San Jose has a lofty goal to triple its number of temporary homes by the end of this year, but progress is slow as the city has only broken ground on one development so far.
Last September, Mayor Sam Liccardo and several city councilmembers introduced a plan called “Compassionate San Jose—Bold Housing Solutions” with the goal to cut homelessness down by 20% through new—and cheap to build—emergency housing.
The plan calls for roughly 600 prefabricated homes to be completed or under construction by December. The proposal also wants to see at least 300 motel rooms converted to serve some of the most vulnerable residents in the city. Since then, San Jose has moved forward with only one development—a 76-unit interim housing project at a San Jose Police Department parking lot.
Officials broke ground on the project in early February and estimated it would take six months to complete. City housing department spokesperson Jeff Scott this week said the residences will be ready in the fall with no specific date scheduled yet.
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San Jose is reckoning with a homeless crisis that has grown to unmanageable levels. Thousands are living in tents and RVs under highways, in front of businesses, on sidewalks, along waterways—and at a sprawling encampment near the airport. The Federal Aviation Administration has demanded the city clear out the flatland, citing safety concerns. The FAA is threatening to withhold millions of federal dollars if the homeless camp isn’t cleared this year.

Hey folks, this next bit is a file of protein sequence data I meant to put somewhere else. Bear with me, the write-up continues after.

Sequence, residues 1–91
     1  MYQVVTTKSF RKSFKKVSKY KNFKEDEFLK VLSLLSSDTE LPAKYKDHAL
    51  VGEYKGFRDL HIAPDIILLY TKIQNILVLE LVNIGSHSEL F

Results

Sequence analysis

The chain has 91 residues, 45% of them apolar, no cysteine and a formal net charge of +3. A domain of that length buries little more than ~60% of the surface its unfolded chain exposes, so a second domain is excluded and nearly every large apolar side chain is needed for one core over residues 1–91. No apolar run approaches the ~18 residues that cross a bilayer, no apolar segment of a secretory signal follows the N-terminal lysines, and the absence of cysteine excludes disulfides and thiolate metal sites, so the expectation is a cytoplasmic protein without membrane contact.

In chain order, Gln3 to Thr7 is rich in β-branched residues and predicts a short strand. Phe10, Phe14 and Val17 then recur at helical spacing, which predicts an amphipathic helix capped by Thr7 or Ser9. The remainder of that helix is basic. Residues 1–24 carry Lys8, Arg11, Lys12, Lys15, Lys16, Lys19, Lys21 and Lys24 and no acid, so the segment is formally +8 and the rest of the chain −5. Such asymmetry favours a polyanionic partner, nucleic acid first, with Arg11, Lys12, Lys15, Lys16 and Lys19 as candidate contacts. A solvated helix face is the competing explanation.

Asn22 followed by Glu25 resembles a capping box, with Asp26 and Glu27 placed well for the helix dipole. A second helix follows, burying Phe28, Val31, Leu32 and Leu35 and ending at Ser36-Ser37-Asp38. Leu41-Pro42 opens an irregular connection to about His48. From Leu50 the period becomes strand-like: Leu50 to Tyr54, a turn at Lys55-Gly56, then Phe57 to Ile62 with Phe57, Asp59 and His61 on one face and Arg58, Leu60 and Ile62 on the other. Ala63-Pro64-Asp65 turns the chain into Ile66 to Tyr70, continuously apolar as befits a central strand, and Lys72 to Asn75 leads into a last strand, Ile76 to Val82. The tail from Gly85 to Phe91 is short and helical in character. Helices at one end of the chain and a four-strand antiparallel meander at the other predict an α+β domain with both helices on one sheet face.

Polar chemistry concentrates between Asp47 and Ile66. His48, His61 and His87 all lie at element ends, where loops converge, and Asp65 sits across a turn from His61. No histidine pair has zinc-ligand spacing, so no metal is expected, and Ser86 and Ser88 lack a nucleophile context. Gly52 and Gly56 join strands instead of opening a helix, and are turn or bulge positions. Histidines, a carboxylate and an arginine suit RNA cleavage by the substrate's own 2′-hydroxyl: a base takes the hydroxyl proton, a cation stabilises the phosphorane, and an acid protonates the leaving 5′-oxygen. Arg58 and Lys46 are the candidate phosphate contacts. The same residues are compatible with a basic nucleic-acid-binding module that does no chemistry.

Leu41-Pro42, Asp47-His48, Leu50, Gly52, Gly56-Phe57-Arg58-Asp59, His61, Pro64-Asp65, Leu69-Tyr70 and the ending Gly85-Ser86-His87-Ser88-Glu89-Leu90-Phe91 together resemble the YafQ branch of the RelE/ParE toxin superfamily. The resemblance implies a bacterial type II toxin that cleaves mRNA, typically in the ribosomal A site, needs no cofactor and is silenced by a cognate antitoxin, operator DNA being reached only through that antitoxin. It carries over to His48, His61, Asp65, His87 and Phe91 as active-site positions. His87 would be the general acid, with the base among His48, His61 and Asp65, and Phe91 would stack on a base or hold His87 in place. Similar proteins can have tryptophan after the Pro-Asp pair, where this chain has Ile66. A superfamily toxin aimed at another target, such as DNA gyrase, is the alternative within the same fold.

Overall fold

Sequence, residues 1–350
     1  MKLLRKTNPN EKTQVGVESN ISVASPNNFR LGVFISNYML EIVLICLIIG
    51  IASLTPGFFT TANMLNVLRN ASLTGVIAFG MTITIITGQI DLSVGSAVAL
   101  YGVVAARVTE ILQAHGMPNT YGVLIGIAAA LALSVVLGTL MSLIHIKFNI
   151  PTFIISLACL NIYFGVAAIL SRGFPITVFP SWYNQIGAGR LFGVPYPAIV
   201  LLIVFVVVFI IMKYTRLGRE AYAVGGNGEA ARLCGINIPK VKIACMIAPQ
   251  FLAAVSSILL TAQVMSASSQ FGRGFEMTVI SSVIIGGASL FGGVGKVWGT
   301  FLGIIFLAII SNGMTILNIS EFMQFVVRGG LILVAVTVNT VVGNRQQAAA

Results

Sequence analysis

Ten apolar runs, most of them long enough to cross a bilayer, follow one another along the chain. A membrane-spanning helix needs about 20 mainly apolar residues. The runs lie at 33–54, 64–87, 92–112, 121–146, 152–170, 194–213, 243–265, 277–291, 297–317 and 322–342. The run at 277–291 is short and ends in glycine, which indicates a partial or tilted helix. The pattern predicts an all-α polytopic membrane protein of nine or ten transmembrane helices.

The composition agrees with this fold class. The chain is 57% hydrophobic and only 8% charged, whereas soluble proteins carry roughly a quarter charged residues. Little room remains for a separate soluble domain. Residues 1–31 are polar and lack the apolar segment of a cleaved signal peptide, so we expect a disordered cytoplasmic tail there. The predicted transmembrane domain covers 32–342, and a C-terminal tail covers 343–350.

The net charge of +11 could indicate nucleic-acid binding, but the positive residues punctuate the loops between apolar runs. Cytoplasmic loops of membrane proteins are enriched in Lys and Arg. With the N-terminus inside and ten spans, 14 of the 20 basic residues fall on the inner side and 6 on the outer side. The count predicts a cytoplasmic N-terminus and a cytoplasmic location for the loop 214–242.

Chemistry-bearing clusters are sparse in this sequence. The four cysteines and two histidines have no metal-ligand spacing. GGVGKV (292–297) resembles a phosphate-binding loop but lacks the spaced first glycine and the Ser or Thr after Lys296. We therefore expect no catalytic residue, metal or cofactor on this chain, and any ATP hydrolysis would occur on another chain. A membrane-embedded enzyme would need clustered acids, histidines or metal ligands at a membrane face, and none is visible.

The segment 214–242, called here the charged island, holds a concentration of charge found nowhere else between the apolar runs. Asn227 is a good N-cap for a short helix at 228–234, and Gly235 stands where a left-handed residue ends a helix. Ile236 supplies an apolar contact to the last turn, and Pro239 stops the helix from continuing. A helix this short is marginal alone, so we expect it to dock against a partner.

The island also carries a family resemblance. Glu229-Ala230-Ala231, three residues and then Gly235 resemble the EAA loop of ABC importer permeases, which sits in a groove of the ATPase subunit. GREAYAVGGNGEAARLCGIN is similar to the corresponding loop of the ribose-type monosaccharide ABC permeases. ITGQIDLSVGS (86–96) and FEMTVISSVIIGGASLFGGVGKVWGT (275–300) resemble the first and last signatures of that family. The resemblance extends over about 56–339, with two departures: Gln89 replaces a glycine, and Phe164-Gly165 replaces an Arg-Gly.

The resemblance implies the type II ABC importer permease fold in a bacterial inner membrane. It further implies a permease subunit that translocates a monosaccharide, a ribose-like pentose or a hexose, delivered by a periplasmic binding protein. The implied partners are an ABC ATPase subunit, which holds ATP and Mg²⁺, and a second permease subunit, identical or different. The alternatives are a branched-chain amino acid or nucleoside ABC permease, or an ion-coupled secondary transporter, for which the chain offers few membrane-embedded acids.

The city is also hoping more funding from a state grant program called Project Homekey will come in this year, which would help convert a few hundred motel and hotel rooms into supportive housing and build a new 204-unit interim housing development. But so far, applications to buy Arena Hotel on The Alameda and to build the 204-unit project at the intersection of Branham Lane and Monterey Road have been denied and waitlisted, city spokesperson Carolina Camarena said.
The city recently submitted two more Project Homekey proposals to acquire Pacific Motor Inn on South Second Street and Pavilion Inn on North Fourth Street.
Liccardo, who leads the efforts, said the city is “continuing to press ahead” with the goal.
“I’m heartened by my council colleagues’ recent support of our budgetary proposal to invest Measure E dollars to implement this cost-effective approach to moving our residents off the street,” Liccardo told thecupertinodigest.com. Measure E, which voters approved in 2020, is a property transfer tax increase that goes toward supportive and affordable housing.
Hitting the numbers
But Councilmember Raul Peralez, one of the lawmakers who supports the interim housing plan, said the city won’t meet its own deadline.
“We have a lot of ambitious goals to try and hit and we need to hit those numbers,” Peralez told thecupertinodigest.com. “But the reality is that getting these projects approved is very difficult.”
Councilmember Raul Peralez is urging the state to approve a new Project Homekey application in his district. Photo by Tran Nguyen.